YU does have many challenges. I believe the challenge is far greater on the secular university side than the Landers/Ner Israel side. There is no easy answer. I do believe you missed another and maybe the overriding key issue.  Modern Orthodox days schools today are predominantly coeducational. Most Modern Orthodox parents identify their "Modernity" with the need to be coed and with the idea that those that go to separate gender schools are "Charedi" and those kids will "do shiduchim". Why then would a girl or boy who has spent their entire yeshiva/day school life and whose parents fight for the need for coeducation, then upon graduation want to attend a separate gender yeshiva. These parents justify to themselves that that going to a secular Hillel is right in line with their Modern Orthodoxy.  There are no easy answers. I have shared this view with leaders at YU for many years far before this decline. The day is now here. YU needs to deal with and solve somehow, maybe impossibly, the reality that the Modern Orthodoxy label today fights for coeducation as part of their brand yet the bastion and 
founder of that label is not. As a supporter with many family members who have attended YU and Stern for many years, I hope they/we can find the right answers to this perplexing issue. 

My daughter went to Yeshiva University HS for Girls which was her choice after attending a co-ed day school. Her decision was based in part on the social atmosphere in our local co-ed Yeshiva High school. By the way it is that same school my son currently attends and is thriving at within a wonderful Orthodox atmosphere of friends and teachers. After high school my daughter spent a year learning at seminary in Israel and gained many life changing lessons during her schooling that year. Knowing that she would attend Queens College I did expect during her stay in Israel to tell me that she wanted to change her college decision and switch tor Stern College. This did not happen even as I asked her if she was 100% sure and she was sticking by her original decision.

My daughters main reason for NOT attending YU/Stern College was the double curriculum of Judaic and Secular courses. At YU/Stern the students may have a study load often in the range of 30 credits a semester between the Judaic and Secular department. While many students want this FULL course load and thrive, I believe that YU misses the boat in perhaps not finding a happy medium for some that prefer a lighter course load per semester or simply a lighter Judaic course load. Of course as tuition costs rise and options of vibrant orthodox college communities grow the solution is not an easy one for YU. Of course there is the simple fact that some students may want to be part of a large college and all that goes with it and now they can with more kosher and religious options.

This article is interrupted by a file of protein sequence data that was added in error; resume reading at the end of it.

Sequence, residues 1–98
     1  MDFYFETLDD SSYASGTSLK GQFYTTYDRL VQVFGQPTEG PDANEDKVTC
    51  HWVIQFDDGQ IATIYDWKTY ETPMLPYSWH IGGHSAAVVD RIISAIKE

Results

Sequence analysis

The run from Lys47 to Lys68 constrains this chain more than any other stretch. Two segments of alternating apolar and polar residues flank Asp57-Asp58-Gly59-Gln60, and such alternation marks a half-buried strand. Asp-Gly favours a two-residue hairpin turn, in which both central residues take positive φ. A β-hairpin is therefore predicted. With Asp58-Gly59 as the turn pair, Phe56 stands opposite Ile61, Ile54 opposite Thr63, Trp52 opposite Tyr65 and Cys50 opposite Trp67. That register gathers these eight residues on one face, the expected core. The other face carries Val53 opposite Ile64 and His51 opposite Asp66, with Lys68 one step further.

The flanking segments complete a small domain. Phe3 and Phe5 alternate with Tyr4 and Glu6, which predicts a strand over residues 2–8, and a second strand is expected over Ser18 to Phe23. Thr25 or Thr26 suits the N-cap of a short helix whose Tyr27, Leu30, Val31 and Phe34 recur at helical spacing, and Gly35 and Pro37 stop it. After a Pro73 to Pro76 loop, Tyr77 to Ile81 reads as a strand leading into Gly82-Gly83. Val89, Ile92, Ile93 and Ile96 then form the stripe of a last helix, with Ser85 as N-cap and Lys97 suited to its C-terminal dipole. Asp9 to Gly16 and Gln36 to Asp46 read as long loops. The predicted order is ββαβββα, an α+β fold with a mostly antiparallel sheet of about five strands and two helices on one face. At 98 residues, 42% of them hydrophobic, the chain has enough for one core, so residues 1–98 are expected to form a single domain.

In regards to Queens College as a commuter school there are trade offs in ones social life. While my daughter does commute to her apartment she does not stay for shabbos and social life at the college does exist but is on the weak side as the majority of students go home or to their apartments. Obviously this is much different than a dorming college such as Maryland, Cornell or NYU.

The writer is a bit misleading in her statement on tuition costs at the colleges mentioned. The statement should have clarified that the tuition quoted may include expenses beyond the basic tuition cost but would include books, food, transportation, personal expenses and others. At present the basic tuition at Queens College $5130. Obviously way less than the $23,000 quoted.

Maybe I am biased, as my role as QC Hillel VP, however if you ask the moderate number of around 50+ students who stay in 2/4 weekends a month, the communal life is definitely improving. This semester we received a sefer torah and have been running shabbat programming on campus. I would also like to formally invite your students to stay in with some friends and become a part of the growth. Alot of people have felt that QC was a sacrifice socially but I think this will start to change, as we see a renewed interest and more parental involvement :) The fact remains that secular college can be an extremely challenging environment, yet is also an excellent opportunity to develop ones ability as a Jewish leader.

The $23000 number is not tuition, but college costs for the year and includes typical costs for room and board, supplies and so on. Assuming some reasonable numbers for rent (maybe $1000/month?) and food (perhaps half that?), you get an additional $15000 for 10 months + costs of books, supplies and you get to the number provided by the author. At QC's only dorm, costs range from $9950 to $13800 per year.

"Hillel professionals have worried that the dominance of Orthodox students complicates outreach to the less affiliated" - Instead of fearing them (which is counterproductive and often unwarranted), these Hillel professionals should realize these students can be the best resource for reaching less affiliated students. For example, Heart to Heart: